Making Digital Counterpublics

MLA 2014 Panel

To teach is not to transfer knowledge but to create the possibilities for the production or construction of knowledge. ~ Paulo Freire, Pedagogy of Freedom

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Drawing on the idea that Habermas’ public sphere is an as yet unachieved ideal, scholars such as Nancy Fraser and Michael Warner have argued for the need to recognize alternative or parallel publics. Amid discourses regarding the value of the humanities, this session takes for granted that digital tools and platforms may be combined with engaged civic pedagogy to facilitate counterpublic formation for marginalized populations, activist organizations, and community outreach.

Each of these papers presents a project which argues, in one form or another, that a different type of pedagogical experience is produced by involving students in “making” and “doing” things which engage social spaces beyond the walls of the classroom or the time allotment for the class. This is an experience which not only enhances the students’ learning but seeks to actively engage the public, re-imagining the space academia might inhabit in 21st century education and civic discourse.

Ed Reform by Undergrads

“Ed Reform by Undergrads: Giving Rural Students a Voice”

Skallerup teaches at Morehead State University, in the heart of Appalachia. According to the Federal statistics, every county in Morehead State’s service area is either “distressed” or “at risk.” Rural Eastern Kentucky schools have low graduation rates and low test scores and Kentucky ranks 40th out of 50 states for high-speed internet access. All of this adds up to a population of students who come to Morehead State underprepared, unfamiliar (at best), and uncomfortable with (or even hostile to) technology.


“From MOOC to POOC: Plurality, Participation, and JustPublics”


The JustPublics@365 initiative seeks to create informed citizens by acknowledging that issues of inequality cannot be addressed by the media, academics, social activists, community leaders, or policy makers who work in isolation. Instead, “hybrid” practitioners, who combine the best of these worlds, must work together for the public good.

To this end, one of the main components of JustPublics@365 is an open online course, “Reassessing Inequality & Reimagining the 21st Century: East Harlem Focus.” Rather than build upon the MOOC model, which emphasizes massiveness of scale, we underline the necessity of deep participation and collaboration in education and activism. Our Participatory Open Online Course (POOC) has as its central goal the creation of a space that fosters multiple levels of engagement and dialogue with multiple publics around issues of inequality in East Harlem.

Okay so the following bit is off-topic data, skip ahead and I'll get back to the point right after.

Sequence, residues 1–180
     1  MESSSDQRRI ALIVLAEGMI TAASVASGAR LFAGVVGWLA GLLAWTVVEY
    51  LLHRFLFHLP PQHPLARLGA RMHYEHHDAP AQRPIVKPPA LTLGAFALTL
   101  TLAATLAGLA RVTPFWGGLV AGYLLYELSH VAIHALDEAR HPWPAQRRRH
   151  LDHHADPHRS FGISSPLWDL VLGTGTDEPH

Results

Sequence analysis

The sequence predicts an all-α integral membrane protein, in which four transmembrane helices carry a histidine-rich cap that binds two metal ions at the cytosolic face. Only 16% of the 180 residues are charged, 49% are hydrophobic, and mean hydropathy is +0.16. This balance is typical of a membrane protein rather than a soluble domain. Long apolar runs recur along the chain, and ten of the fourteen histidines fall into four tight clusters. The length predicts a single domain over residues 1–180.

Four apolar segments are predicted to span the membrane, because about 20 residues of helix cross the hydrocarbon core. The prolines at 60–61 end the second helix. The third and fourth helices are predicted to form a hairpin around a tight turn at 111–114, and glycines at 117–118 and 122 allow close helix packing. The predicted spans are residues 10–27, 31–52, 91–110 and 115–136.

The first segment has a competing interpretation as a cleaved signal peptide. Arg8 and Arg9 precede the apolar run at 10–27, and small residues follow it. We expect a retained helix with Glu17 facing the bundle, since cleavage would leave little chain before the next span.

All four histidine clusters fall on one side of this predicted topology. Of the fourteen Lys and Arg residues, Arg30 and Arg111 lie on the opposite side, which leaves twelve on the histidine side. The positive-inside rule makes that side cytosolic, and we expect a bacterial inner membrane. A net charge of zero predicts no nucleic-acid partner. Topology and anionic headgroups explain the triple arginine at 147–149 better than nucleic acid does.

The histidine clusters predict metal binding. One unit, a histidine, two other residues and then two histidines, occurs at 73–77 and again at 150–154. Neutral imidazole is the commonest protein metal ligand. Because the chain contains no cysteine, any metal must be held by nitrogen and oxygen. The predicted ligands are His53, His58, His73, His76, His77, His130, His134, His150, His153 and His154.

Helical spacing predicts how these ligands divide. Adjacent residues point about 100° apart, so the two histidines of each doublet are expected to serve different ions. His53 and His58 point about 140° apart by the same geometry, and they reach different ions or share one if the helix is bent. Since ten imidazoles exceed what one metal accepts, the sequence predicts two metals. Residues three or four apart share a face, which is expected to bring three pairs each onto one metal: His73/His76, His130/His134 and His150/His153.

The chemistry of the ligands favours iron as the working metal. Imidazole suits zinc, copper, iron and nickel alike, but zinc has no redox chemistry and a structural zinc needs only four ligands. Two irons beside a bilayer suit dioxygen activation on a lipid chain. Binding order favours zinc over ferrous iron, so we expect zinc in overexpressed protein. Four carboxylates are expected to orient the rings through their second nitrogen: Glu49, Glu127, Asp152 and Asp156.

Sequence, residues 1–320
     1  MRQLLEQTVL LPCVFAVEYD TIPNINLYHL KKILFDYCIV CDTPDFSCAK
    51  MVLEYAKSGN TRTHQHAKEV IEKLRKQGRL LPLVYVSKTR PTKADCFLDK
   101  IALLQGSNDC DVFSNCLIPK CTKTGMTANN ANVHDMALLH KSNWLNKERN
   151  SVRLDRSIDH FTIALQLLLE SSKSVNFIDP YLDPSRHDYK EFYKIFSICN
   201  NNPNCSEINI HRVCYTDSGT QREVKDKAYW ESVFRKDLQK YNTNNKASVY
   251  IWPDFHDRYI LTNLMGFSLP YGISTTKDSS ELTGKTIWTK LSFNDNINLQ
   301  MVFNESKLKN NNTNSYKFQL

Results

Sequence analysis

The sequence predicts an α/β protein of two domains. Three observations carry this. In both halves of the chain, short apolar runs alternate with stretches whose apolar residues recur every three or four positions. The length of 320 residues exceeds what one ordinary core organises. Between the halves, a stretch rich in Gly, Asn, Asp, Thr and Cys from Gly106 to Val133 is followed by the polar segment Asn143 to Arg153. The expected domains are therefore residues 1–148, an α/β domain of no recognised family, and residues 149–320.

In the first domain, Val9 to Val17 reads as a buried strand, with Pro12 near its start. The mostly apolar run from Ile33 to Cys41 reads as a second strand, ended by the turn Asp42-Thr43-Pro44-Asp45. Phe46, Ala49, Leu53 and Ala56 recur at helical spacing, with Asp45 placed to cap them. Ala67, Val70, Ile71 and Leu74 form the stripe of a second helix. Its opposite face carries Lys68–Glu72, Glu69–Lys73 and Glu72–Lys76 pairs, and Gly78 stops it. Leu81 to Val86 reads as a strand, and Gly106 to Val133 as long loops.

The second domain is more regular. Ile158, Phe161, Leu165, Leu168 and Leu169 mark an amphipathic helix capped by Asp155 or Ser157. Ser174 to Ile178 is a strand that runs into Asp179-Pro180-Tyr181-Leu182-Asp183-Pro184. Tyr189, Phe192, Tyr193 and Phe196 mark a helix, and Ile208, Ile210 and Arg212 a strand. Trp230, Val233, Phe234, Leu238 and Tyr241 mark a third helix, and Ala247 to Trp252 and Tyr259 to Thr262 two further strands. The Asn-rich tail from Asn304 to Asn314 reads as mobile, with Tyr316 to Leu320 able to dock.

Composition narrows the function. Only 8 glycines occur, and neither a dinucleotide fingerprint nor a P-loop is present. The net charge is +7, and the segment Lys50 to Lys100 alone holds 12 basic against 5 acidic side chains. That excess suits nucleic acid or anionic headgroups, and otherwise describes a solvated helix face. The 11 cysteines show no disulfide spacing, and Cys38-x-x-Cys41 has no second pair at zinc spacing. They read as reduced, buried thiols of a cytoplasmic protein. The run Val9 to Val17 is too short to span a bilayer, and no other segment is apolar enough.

Beautiful Social

A Beautiful Social Collaborative


In the digital media collaborative, Beautiful Social, students perform the public work of digital literacy instruction to co-create social media strategies with nonprofits and community based organizations. In its first two years, students have run more than 45 projects, free of charge in the Philadelphia area. Beautiful Social fosters a sustainable, economical, and effective model for teaching and learning where organizations receive free assistance and students gain real experience.

Fashioning Circuits

“Fashioning Alternative Publics: Student Maker Spaces”


Fashioning Circuits is, a project in the Emerging Media and Communication program at UT Dallas. Coursework for Fashioning Circuits is completed through independent studies in which students read and discuss theories of fashion, gender, and global labor. Students perform critical analysis of wearable media on a group blog and produce wearable media objects, most commonly with the open source Lilypad arduino. One of the focuses of the project is to help students envision themselves as makers. The supportive and inclusive environment in which all participants are amateurs dedicated to co-learning fashions an alternative public that draws upon the ideals of Pierre Lévy’s “collective intelligence” while challenging dominant discourses of hyper-masculine brogrammer culture.

Conference Conversation


“I’ve empirically found that meaningful work is contagious” - Aimme Knight

During the Panel Presentation as part of the conversation and insuing Twitter conversation, many resources that helped to futher expand the ideas behind this panel were mentioned. Below is a collection of these resources.